Notes on the Book of Daniel: Chapter 11, part 1

Chapter Introduction

This chapter is stunning in the accuracy and detail of its prophecies.  In fact, it is so accurate and detailed that skeptics feel compelled to believe that it must have been written after the events it describes.  As a result of this detailed accuracy, there is very little disagreement about how to interpret the chapter itself but only about whether or not to call it genuine prophecy or history masquerading as prophecy.

The skeptic’s argument runs as follows: 11:2-35[1] describes history so well that this section must have been written after the events it describes, whereas 11:36-45 is so inaccurate by contrast that it must represent the author’s failed attempt to predict (in a purely natural way according to human reason) the future.  The chapter, therefore, must have been composed before the events of vs. 36-45 (i.e., those leading to and surrounding the death of Antiochus IV in 164 B.C.) took place.  According to this argument, the author intended to inspire the Jews of his day to resist the persecution of Antiochus IV by giving them the false hope of believing that the ancient prophet Daniel had predicted the ultimate demise of Antiochus.  Thus, J.C. Dancy writes, “It is indeed difficult to see what would be the relevance or object of the book if published when the persecution was over” (23).

I disagree with this argument and believe that the chapter was written before the events it describes.  It seems to claim very earnestly that these are prophecies and that they should be attributed to the man, Daniel.  (I outline my general objections to this skeptical argument in the Introduction to these notes.)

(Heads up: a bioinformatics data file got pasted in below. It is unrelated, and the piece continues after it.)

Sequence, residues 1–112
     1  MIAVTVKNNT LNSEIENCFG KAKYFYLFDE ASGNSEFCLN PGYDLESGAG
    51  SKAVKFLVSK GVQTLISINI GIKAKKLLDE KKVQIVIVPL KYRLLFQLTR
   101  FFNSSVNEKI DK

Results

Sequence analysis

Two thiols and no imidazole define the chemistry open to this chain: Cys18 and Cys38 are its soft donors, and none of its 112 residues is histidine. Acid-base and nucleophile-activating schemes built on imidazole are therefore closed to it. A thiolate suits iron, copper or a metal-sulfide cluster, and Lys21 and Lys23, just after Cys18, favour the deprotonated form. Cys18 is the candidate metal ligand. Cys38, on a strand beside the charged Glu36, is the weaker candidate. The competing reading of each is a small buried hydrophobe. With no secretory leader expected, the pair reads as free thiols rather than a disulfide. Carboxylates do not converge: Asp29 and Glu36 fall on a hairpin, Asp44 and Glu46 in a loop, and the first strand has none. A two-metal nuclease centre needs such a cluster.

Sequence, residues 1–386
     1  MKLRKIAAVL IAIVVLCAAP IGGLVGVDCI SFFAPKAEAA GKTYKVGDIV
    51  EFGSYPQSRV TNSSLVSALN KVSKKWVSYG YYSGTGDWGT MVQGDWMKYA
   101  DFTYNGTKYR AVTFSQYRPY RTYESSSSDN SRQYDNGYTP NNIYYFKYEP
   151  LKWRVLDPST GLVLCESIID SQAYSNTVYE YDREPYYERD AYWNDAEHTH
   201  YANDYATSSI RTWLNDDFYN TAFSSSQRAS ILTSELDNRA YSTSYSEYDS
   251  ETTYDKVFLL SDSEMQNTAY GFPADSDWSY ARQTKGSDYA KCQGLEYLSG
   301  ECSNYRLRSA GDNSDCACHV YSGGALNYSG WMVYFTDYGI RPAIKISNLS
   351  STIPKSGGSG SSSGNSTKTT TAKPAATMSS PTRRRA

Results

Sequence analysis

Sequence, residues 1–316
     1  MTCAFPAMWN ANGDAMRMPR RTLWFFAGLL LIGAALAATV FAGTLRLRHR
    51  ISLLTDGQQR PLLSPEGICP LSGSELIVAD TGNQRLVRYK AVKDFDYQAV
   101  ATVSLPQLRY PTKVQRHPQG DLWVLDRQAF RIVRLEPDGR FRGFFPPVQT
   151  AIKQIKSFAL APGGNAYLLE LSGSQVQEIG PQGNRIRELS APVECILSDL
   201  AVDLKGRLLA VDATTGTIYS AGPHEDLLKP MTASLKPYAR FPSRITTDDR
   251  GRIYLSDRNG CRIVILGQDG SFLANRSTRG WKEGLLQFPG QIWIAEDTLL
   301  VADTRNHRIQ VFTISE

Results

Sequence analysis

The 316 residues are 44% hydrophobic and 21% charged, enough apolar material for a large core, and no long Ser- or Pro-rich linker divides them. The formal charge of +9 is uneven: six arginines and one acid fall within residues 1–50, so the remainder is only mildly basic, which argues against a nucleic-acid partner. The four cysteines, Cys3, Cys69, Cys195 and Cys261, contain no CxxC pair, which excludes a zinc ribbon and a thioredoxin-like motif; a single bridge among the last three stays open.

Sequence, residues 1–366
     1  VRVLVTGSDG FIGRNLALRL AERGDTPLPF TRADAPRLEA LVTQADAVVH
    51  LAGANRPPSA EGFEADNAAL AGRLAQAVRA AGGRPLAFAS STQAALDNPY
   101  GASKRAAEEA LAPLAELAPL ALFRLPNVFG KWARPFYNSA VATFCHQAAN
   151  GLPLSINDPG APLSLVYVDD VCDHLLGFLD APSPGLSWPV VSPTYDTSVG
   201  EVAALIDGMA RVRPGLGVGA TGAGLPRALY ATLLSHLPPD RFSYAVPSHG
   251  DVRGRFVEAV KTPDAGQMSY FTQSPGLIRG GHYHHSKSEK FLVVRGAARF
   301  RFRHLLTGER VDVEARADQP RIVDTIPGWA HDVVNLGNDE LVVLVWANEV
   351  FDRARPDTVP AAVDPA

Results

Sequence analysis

In this specific chapter, the skeptical argument turns on the seemingly false prediction that Antiochus IV would die “between the seas and the glorious holy mountain,” in other words, in the Holy Land. He actually died on the boarders of Persia and Babylon in the year 164 B.C.  By contrasting this inaccuracy with the author’s earlier accuracy, proponents of this skeptical argument claim that one should be able do deduce that the author wrote these last verses before the death of Antiochus.

I can think of three possible answers to the skeptical argument as it applies to this chapter.  I favor the first one of these three.

First, the reference in vs. 36-45 may not be to Antiochus IV.  Sometimes pronoun references are not clear in prophecy, even in this one that is so unusual in its clarity.  Notice, for instance, how obscure the pronoun references in vs. 22-23 are (see notes there).  Vs. 22-23 are in the very midst of the section which nearly everyone, skeptic and believer alike, interprets as clearly referring to known historical events, and yet these verses are obscure.  Vs. 36-45 are similarly obscure, and may, therefore, refer to some future “king of the north,” not Antiochus.  In support of this view, see also notes on vs. 36-39.

Second, the reference may be to Antiochus, but the last sentence, which says, “Yet he shall come to his end with no one to help him,” may simply express the inevitability of Antiochus’s doom without reference to where that doom will take place.  The sentence does not say, after all, that he will die “between the sea and the beautiful holy mountain,” only that he will pitch his tents there.  These terse, prophetic verses often compress events of time in such a way that one could easily imagine some significant space of time elapsing between Antiochus’s stay in the Holy Land and his later, inevitable death (on the boarders of Persia and Babylon, as it turns out).

Third, Barnes, citing Porphory, believes that these verses do fit Antiochus, contrary to what most commentators (believers and skeptics alike) claim.  See notes on vs. 40-45

As a supplement to the notes in this chapter, see the Kings of the North and Kings of the South Appendix.


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